Busselton Jetty photograph

Two-kilometre Jetty, Busselton, WA

Drop Cap hen through Busselton where we stopped to look at the two kilometer long jetty, the longest in the Southern Hemisphere. From here we went through Bunbury to Mandurah for a protracted lunch stop. This is a nice resort style town on a river, or inlet. We bought a sandwich and ate it on a bench by the water and watched the usual crowds of seagulls being upstaged by two pelicans also scrounging for crumbs. Went for a walk and bought an enormous buttered chelsea bun, big enough for two for afternoon tea, which was only 80 cents and fresh!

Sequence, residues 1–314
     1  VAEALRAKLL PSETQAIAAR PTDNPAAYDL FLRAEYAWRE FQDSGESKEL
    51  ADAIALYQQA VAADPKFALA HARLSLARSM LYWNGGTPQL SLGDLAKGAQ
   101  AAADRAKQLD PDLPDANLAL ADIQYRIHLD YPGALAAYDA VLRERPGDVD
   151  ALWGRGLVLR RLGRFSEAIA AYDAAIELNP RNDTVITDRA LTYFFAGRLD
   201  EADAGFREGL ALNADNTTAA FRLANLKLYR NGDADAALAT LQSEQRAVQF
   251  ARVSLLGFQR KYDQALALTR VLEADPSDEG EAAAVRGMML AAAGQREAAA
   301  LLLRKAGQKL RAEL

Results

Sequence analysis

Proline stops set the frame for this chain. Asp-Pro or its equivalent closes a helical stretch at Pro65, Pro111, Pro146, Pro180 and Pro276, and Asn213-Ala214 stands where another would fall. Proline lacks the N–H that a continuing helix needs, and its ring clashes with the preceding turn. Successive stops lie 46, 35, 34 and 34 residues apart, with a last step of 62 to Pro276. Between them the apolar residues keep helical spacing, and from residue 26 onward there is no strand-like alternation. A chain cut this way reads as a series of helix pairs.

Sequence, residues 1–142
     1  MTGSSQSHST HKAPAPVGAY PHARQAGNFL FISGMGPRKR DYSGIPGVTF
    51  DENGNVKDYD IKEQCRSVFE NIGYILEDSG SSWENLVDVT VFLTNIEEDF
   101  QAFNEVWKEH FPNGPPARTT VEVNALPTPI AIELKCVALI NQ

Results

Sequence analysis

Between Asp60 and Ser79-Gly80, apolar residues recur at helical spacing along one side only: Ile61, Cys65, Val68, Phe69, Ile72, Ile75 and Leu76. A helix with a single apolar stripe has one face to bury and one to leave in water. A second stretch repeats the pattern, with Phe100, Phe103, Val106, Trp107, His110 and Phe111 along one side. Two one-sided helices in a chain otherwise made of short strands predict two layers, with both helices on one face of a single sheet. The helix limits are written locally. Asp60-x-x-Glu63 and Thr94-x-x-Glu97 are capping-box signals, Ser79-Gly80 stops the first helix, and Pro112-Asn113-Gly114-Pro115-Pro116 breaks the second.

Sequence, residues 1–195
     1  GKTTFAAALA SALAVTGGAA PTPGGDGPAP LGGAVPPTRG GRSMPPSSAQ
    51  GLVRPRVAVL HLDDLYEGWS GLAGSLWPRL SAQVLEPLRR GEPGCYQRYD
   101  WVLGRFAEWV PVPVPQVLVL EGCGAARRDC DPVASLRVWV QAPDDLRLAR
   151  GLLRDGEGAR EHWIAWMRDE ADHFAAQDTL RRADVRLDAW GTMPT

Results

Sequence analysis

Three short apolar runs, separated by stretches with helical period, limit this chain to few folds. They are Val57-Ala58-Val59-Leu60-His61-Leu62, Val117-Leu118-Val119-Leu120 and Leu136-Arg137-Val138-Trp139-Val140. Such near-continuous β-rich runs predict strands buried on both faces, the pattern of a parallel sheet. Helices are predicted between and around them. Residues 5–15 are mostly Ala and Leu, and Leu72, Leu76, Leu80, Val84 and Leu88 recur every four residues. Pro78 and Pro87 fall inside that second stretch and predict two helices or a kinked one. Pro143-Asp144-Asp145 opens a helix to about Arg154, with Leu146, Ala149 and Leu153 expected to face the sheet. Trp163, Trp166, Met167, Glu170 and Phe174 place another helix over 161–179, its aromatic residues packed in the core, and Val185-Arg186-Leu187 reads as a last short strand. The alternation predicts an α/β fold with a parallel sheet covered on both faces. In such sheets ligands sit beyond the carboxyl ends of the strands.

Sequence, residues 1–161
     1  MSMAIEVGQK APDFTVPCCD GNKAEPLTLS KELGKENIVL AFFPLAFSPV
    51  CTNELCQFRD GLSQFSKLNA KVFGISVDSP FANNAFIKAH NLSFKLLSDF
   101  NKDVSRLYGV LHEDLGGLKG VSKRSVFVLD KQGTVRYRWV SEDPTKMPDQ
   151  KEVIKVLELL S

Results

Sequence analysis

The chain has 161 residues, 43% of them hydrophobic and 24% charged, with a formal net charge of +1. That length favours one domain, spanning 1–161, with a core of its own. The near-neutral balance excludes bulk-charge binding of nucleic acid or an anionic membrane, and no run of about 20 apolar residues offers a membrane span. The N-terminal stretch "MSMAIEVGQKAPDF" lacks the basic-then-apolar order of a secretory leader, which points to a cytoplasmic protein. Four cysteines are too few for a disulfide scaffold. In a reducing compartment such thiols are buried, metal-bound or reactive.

Drop Cap n the way to Perth this afternoon we saw the first train we have seen in WA. Lots of tracks, but no trains. This was a bright yellow Westrain engine hauling 50 coal trucks. We had to stop at a level crossing to let it pass.

Drop Cap e have finished one tour and are losing twelve of our number tonight. Four more are joining us on Tuesday for the other tour north. We thought we were doing one tour but it seems it is two tours, joined together at Perth. No problems with that. Back into the Novotel in Perth. The room was uncomfortably warm, but on asking the desk we were told it is official policy in the winter months. We have an optional a la carte meal in Horsefeathers Restaurant tonight. This is the last night for this tour.